Chinese Foreign Minister Wang Yi has urged the World Bank and International Monetary Fund (IMF) to resume financing support to cash-strapped Afghanistan for reconstruction.
Speaking virtually at a conference hosted by Iran, Minister Yi said, “Afghanistan is in need of revival on all fronts, and development is the top priority.”
The Chinese foreign minister urged the United States and other Western countries to lift unilateral sanctions on Afghanistan and for the World Health Organization to provide more vaccines and medical supplies to help Afghanistan fight COVID-19.
China has already committed $30 million worth of emergency humanitarian assistance to Afghanistan.
“My overall impression is that the Taliban is eager to have dialogue and cooperation with the outside, and that they are serious about this,” Wang said.
He added that China will host a meeting of Afghanistan’s neighbours.
The meeting of Afghanistan and neighbouring countries was attended in person by the foreign ministers of Pakistan, Tajikistan, Turkmenistan and Uzbekistan, and China and Russia participated by video link.
These talks were preceded by a similar conference involving Afghanistan’s neighbouring countries hosted by Pakistan in September.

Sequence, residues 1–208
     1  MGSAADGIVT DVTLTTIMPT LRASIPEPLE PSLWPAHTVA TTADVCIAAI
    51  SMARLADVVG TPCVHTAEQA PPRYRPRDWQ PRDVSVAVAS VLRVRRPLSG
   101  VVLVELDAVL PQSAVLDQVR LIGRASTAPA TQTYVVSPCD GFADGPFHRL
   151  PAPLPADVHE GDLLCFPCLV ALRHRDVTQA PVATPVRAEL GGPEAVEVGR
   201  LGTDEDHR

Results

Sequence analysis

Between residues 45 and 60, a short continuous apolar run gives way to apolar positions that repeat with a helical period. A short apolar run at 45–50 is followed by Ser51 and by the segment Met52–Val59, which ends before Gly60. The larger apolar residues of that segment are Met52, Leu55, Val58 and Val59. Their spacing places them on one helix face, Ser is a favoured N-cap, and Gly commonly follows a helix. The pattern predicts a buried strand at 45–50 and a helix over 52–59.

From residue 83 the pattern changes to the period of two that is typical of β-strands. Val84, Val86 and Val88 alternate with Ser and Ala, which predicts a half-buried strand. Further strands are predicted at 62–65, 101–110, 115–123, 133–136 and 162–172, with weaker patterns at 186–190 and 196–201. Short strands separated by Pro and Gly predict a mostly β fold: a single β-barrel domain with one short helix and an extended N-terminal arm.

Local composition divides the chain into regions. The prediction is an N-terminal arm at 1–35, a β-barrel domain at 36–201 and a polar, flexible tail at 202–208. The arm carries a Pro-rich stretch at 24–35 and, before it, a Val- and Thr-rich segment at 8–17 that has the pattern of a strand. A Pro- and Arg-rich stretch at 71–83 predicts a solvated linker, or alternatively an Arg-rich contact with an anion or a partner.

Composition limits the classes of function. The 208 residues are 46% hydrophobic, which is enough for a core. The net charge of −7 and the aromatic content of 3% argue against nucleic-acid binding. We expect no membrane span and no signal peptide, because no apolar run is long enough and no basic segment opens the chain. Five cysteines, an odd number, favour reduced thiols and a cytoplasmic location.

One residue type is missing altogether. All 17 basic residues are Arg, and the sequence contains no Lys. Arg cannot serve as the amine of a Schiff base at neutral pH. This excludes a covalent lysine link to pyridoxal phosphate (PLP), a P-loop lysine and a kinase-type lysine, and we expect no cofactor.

China, which has not fought in Afghanistan, has been holding out an olive branch to the Taliban since they regained power in Afghanistan after the withdrawal of U.S. forces in August.
The United States and other Western countries are seeking ways to engage with the Taliban and ensure humanitarian aid flows into the country, without granting them the legitimacy they seek.
U.S. officials and Taliban representatives discussed humanitarian assistance for Afghanistan this month in Qatar but Washington said the meetings did not amount to recognition of the Taliban.
At Wednesday’s conference in Iran, Iranian Foreign Minister Hossein Amirabdollahian backed the formation of an inclusive government in Afghanistan, state television reported. His remarks echoed Iran’s official stance.
Shi’ite Muslim Iran has been a foe of the hardline Sunni Muslim Taliban for decades but over the past few years, it has been openly meeting Taliban leaders. In July, Tehran hosted a meeting of then Afghan government representatives and a high-level Taliban political committee.
Iran has criticised the Taliban, which took control over Afghanistan in August, for excluding ethnic minorities from the government.